I am coming to that point. Having demolished the argument of the hon. Gentleman that one can never decide what are essentials—and we do that every day of our lives in framing indirect taxes—when we come to the question of Purchase Tax at differential rates there are several principles which we have to guide us. In the first place, we have, broadly, to make value judgments about what is essential and what is a luxury. We have to do it not as something which is clear cut and easy but as something which is difficult and often hard to decide. Nevertheless, it is essential for those who believe in some progress in our system of taxation to decide these things.
The second principle in determining our rates of tax is that we must bear in mind national needs, not only as regards what is essential but, to take the 1951 example quoted by the hon. Member for Gillingham, in terms of whether, at a particular time, because of some crisis in our economy or some difficult period through which we are passing, we must, unfortunately, use the Purchase Tax as a deliberate weapon to damp down consumption of certain kinds of goods or, as in the particular case mentioned, to free particular commodities or raw materials for a rearmament drive or whatever else may be needed. In other words, the second principle is based upon the day-to-day need of the economy in the levels of consumption of commodities or raw materials.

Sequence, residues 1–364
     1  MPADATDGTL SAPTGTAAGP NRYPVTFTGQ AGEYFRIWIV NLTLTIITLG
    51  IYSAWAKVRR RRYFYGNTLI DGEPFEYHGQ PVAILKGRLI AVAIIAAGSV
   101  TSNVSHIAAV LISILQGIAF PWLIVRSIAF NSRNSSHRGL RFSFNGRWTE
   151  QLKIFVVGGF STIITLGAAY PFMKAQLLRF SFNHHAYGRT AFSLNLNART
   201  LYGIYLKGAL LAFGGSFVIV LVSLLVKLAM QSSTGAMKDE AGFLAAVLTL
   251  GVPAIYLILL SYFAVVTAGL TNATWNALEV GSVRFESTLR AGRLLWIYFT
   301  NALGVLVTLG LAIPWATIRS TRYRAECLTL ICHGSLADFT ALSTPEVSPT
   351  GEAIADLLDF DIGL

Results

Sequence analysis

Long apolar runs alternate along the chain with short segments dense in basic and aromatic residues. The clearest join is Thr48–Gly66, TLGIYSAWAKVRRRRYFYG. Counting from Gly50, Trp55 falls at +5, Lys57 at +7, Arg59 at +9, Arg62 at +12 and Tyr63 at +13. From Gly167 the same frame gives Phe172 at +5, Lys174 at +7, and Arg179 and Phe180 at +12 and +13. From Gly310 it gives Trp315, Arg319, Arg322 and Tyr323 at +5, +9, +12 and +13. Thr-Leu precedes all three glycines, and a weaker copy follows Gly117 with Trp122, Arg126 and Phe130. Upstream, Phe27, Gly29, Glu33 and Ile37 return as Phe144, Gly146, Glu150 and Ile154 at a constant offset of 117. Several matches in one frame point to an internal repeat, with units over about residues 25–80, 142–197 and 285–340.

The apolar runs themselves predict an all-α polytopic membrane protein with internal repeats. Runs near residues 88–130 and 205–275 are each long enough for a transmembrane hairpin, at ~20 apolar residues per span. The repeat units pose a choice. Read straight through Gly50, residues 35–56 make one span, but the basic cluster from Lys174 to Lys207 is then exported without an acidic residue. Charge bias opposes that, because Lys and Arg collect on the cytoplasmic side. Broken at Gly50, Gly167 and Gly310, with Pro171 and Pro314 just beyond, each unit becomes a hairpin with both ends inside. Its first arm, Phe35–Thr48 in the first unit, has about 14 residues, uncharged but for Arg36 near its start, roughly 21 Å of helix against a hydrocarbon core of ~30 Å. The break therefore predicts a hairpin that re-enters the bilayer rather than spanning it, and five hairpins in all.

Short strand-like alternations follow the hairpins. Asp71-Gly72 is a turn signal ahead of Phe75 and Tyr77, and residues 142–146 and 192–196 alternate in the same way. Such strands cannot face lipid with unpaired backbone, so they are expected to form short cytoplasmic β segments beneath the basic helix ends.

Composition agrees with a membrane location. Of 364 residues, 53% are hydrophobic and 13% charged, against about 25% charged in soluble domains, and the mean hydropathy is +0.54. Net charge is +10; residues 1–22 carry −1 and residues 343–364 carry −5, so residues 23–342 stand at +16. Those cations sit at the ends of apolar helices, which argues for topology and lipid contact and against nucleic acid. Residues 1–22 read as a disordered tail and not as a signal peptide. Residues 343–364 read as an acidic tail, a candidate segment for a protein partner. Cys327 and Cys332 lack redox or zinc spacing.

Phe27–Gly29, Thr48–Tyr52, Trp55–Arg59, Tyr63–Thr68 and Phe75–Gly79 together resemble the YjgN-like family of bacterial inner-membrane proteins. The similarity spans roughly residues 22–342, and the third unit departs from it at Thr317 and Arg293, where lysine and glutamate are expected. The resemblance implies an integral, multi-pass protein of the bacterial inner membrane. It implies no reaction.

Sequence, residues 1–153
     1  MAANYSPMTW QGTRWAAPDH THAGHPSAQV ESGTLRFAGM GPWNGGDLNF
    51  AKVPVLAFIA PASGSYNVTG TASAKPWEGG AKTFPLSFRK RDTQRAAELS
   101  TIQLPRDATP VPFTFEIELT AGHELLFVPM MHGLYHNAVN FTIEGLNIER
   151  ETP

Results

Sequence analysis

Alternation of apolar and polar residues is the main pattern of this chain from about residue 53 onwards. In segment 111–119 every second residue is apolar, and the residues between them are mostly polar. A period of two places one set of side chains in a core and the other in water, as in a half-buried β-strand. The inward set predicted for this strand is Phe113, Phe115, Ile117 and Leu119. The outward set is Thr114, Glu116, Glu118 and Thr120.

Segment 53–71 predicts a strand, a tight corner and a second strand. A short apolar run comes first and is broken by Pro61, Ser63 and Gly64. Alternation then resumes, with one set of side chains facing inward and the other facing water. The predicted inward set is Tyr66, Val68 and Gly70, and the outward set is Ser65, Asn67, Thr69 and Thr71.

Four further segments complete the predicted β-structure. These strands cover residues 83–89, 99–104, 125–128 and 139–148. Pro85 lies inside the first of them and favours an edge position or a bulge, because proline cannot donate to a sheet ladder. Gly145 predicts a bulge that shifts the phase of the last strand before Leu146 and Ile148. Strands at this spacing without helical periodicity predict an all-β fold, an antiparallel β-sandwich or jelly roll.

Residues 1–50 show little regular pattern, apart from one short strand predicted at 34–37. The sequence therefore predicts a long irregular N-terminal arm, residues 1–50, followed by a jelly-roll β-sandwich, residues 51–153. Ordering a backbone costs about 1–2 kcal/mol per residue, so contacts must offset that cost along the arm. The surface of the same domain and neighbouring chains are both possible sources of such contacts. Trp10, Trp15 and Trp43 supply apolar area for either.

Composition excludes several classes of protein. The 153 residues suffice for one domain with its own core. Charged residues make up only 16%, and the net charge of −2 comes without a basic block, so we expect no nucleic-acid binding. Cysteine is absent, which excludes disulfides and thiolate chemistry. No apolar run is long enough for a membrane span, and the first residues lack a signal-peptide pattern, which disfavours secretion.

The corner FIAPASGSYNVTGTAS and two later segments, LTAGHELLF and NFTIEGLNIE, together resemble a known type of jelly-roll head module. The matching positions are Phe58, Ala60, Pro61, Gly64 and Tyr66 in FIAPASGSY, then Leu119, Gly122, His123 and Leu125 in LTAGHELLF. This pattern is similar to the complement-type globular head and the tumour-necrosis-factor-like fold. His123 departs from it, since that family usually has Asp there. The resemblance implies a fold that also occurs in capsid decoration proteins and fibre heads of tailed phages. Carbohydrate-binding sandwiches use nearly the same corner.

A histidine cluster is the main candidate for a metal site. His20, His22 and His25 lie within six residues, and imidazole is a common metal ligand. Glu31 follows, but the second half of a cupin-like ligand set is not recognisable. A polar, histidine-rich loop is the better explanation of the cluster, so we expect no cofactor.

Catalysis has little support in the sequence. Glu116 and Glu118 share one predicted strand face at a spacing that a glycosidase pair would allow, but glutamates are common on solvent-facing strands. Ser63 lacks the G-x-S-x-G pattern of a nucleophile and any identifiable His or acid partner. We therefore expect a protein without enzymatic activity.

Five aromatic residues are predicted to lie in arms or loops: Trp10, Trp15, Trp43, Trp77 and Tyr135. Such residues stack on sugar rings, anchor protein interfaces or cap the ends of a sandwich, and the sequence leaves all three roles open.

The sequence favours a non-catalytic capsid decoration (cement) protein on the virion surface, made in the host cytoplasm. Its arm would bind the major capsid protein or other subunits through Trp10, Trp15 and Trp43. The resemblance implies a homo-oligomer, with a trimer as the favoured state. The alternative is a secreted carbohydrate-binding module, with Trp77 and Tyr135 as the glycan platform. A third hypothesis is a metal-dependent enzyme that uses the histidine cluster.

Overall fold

In the third place, we must remember—and here I remind the Chancellor of what is wrong with the Purchase Tax—that beyond that point we become too rigid in our approach to the question. The hon. Member for Kidderminster tried to taunt me about the Purchase Tax on motor cars. I have always stated my view about the Purchase Tax on motor cars in this way. We cannot, in this country, afford a motor car industry which is largely geared to the home market; it must be primarily an exporting industry. If there has to be a Purchase Tax on motor cars, I am willing to see a high rate of Purchase Tax, much as I dislike it from a constituency point of view, because, first of all, I believe that the motor car is, relatively, a luxury. It cannot be said to be a luxury in black and white, clear-cut terms, but I believe that, in all the decisions we have to make, it is relatively a luxury, for a start. Secondly, I believe that we must keep the industry exporting at a high level and, if we freed it from Purchase Tax, a great many cars would come on the home market, to the disadvantage of our export trade.
Within that general situation which I have outlined, our approach must be flexible. For example, when the motor car industry fell on difficult times and the export trade pretty well dried up, or was drying up to a large extent, with consequent unemployment within the industry, that was a time to make some reduction in the Purchase Tax as a temporary measure. That is the third principle I bring into the discussion of Purchase Tax. Whatever rates we fix, we must be willing to move them as and when occasion demands and the industry concerned may be in difficulties. In this connection, we shall come to the taxation on bicycles a little later. This is a clear-cut case for the application of the principles I have been advancing.